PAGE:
Managers Should Make Changes to Avoid Employee Burnout

According to a 2007 survey, more than half of
employees indicated that they work with a great deal of stress. The survey also
found that 77% of those surveyed felt burned out by their job.

  Liz Bywater
  Liz Bywater

Although there is no point and click solution, business owners and
employees alike should take the time to research and understand the symptoms of
employee burnout. A manager who fails to do so runs the risk of losing the
employee and potentially hurting the company.

“Mid [level]to senior managers are so busy under their own pressure
to do more with less that they do not even recognize what is going on with
their employees,” Liz Bywater, PhD, consultant for the Bywater Consulting
Group explained to O&P Business News. “Recognition is one
of the most important aspects and openly acknowledging the situation is just as

According to Bywater, signs that one of your employees is suffering from
employee burnout include: reduced productivity and/or overall performance;
increased irritability; significant increase in sick days and/or late arrival
to work; decreased innovation and creativity; reduced energy levels and general
lethargy, apathy and depression.

There are a number of ways mid-to-upper management level workers can
reduce employee burnout. Bywater suggested creating a forum in which people can
come in and express their concerns and frustrations to their managers without
fear of repercussions. Let your employees know that your door is always open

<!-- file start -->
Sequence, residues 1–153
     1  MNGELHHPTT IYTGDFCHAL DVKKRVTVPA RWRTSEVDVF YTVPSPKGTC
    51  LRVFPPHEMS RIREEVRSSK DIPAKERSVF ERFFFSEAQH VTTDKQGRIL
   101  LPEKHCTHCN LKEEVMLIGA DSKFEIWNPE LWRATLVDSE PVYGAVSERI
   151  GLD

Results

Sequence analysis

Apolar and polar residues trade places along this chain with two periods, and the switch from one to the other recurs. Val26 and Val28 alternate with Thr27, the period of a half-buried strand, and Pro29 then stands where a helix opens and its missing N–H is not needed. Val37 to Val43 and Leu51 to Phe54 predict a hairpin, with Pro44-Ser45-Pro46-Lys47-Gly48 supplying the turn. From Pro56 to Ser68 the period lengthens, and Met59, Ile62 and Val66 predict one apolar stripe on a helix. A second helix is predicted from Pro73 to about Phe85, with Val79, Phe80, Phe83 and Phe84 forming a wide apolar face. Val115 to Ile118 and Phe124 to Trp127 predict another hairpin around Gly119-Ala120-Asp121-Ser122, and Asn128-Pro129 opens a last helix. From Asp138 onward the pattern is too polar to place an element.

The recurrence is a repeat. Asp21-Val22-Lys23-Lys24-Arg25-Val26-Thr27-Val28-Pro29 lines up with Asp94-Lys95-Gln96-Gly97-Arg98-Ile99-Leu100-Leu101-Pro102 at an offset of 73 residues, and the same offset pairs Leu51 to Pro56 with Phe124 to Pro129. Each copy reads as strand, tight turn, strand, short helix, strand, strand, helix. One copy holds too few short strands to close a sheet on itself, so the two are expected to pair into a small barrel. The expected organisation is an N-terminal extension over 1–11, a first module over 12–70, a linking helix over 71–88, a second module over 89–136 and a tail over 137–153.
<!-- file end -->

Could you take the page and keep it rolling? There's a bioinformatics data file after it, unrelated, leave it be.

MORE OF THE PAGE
and that you are willing to listen.

“You do not want your employees to work themselves so hard that it
becomes counter productive,” Bywater said.

Managers should explore all avenues to ease the burden on their
employees. This may include subtle changes to a management style or work
environment for the long-term benefit of your employees, according to Bywater.

“If you are in a senior leadership position, you have to set the
tone,” Bywater said. “Make sure the environment does not have an
atmosphere where people are discouraged to take a week vacation or a mental
health day.”

In the current economy, it is unlikely that businesses can simply hand
out large cash bonuses and lavish incentives for their employees. Today, a more
modest approach may actually be the better solution, according to Bywater.

“Sometimes, just showing some appreciation can go a long way,”
Bywater said. “People can always benefit from some added cash, but it is
the small act that makes the biggest difference. People are often discouraged
when they do not feel appreciated.”

Bywater suggests giving out $25 Starbucks cards or offering your
employees the afternoon off if they have been working overtime all week.

“Maybe take your team out to lunch for a couple of hours,”
Bywater said. “It does not have to be something exorbitant. Even modest
incentives can make a large impact. In this economy, workers will understand
and appreciate it.” — by Anthony Calabro

For more information:


Research on job stress from our database of 2,400 organizations and more
than 3.3 million employee responses across all industries showed that 80% of
employees believe they have enough authority to accomplish the necessary
workload. Only 50% of employees feel they have enough people available in their
work group to accomplish the necessary workload.

Anonymous surveys can be another way to assess employee workloads and
stress levels. The employees can be asked for suggestions on how to even out
workloads and reduce stress. This creates a culture where employees feel
appreciated and can have fun. The best way to determine what will have the
greatest impact is to find out what your culture wants — you can implement
anything you want, but it might not be what your employees want.

Some easy ways to build employee morale on a shoestring budget include
changes to the dress code (shifting to a casual dress policy), letting
employees leave early on Fridays, or providing breakfast items to the staff on
a regular basis.

— Ashley Nuese
Director of marketing and
sales services at HR Solutions, Inc.

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